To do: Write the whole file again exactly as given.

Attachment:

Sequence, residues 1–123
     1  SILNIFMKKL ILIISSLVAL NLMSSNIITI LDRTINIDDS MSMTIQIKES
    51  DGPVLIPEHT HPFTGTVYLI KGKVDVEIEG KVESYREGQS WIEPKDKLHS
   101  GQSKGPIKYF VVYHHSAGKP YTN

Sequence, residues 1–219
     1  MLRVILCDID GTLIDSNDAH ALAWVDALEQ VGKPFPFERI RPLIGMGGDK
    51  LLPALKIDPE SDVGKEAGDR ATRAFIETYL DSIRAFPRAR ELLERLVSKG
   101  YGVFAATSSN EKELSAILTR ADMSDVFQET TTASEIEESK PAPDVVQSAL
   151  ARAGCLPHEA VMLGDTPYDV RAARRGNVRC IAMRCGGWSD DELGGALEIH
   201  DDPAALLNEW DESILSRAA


Sequence, residues 1–123
     1  SILNIFMKKL ILIISSLVAL NLMSSNIITI LDRTINIDDS MSMTIQIKES
    51  DGPVLIPEHT HPFTGTVYLI KGKVDVEIEG KVESYREGQS WIEPKDKLHS
   101  GQSKGPIKYF VVYHHSAGKP YTN

Sequence, residues 1–219
     1  MLRVILCDID GTLIDSNDAH ALAWVDALEQ VGKPFPFERI RPLIGMGGDK
    51  LLPALKIDPE SDVGKEAGDR ATRAFIETYL DSIRAFPRAR ELLERLVSKG
   101  YGVFAATSSN EKELSAILTR ADMSDVFQET TTASEIEESK PAPDVVQSAL
   151  ARAGCLPHEA VMLGDTPYDV RAARRGNVRC IAMRCGGWSD DELGGALEIH
   201  DDPAALLNEW DESILSRAA